Smartphone launches in the first quarter of 2022 will reportedly fall by almost 20 percent, as the omicron variant of covid-19, combined with the ongoing chipset crisis around the world, is hitting the smartphone industry hard. According to a report by The Economic Times, the impact of chip shortages, as well as the restrictions that are being reimposed due to the omicron variant of covid-19, can push back smartphone launches that were initially planned for January to March 2022 – to later in the coming year.
Pankaj Mohindroo, who heads the industry body Indian Cellular Electronics Association (ICEA), told ET in a conversation, “Stocks are running low and brands are not able to service the sector. The industry will find a way to work around the continuing component shortage, but launches in the coming quarter may get delayed.”
The report also cites analysts, who state that the total number of smartphone launches in the first quarter of the coming year may fall below 50 for the second time in three years. Faisal Kawoosa, CEO and founder of TechArc, told ET that the industry may see fewer than 45 total launches in the first three months of 2022. The latter will account for the lowest number of device launches in recent times, which typically averages around 60 launches every year during this quarter.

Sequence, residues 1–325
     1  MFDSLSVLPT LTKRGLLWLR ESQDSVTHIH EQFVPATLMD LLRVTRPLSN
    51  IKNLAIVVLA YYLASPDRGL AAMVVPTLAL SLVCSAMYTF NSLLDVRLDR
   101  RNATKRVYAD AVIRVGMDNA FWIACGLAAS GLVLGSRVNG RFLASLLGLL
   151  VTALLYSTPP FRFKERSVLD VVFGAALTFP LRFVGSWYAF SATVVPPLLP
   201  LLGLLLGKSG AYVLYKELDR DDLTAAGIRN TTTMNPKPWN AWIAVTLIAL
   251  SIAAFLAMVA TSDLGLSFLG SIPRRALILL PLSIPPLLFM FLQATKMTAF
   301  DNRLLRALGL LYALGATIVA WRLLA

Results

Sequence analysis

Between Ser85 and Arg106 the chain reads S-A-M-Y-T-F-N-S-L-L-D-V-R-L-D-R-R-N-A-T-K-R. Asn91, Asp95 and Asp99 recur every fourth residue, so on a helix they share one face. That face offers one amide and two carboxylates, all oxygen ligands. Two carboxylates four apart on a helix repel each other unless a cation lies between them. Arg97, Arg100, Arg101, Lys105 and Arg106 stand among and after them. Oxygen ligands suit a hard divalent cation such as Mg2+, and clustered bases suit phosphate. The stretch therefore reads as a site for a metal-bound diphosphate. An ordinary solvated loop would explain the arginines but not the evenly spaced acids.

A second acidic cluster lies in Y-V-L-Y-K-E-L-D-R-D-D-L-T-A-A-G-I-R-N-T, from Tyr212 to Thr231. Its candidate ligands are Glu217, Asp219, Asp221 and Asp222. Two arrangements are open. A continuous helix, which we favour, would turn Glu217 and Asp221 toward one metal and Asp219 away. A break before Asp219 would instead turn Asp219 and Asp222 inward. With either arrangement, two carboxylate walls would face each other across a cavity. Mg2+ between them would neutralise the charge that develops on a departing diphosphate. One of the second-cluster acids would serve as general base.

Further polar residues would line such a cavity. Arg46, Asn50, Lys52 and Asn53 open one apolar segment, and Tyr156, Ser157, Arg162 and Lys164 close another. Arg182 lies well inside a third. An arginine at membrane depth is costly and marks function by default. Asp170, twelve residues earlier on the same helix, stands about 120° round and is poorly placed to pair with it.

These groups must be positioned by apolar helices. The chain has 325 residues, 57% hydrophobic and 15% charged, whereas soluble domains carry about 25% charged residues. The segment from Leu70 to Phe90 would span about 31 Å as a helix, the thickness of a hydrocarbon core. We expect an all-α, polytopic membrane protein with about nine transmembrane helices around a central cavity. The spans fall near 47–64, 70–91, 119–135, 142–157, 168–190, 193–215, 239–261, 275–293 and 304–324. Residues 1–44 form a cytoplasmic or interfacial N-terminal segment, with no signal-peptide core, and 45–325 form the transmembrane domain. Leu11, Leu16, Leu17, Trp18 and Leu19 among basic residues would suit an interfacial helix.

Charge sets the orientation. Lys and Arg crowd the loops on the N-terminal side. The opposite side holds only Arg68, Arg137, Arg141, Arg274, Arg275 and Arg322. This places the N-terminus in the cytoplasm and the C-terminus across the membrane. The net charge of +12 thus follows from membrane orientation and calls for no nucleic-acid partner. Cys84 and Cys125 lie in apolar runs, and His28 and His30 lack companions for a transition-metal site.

This may push the shipment numbers down during this quarter as well, as restrictions in terms of cross-border movements may further delay industry shipments – alongside navigating the shortage in component supplies. This, the industry notes, may account for a higher volume of shipments towards the later half of 2022, as smartphone launches may increase in frequency to account for missed opportunities in the early part of the year.
In 2020, the outbreak of covid-19 in China was the pivotal factor behind falling supplies around the world. With China being a major manufacturing hub for all electronics, its covid-19 impact spread quite quickly across industries, to the rest of the world. Going forward, it now remains to be seen how the omicron variant of covid-19 affects the way shipments fluctuate around the world.
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